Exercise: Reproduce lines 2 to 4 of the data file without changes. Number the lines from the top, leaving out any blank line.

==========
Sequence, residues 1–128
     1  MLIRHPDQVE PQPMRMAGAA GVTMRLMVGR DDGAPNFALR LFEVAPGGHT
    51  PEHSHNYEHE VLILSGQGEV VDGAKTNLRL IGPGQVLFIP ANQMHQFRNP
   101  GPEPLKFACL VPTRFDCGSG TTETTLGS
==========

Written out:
     1  MLIRHPDQVE PQPMRMAGAA GVTMRLMVGR DDGAPNFALR LFEVAPGGHT
    51  PEHSHNYEHE VLILSGQGEV VDGAKTNLRL IGPGQVLFIP ANQMHQFRNP
   101  GPEPLKFACL VPTRFDCGSG TTETTLGS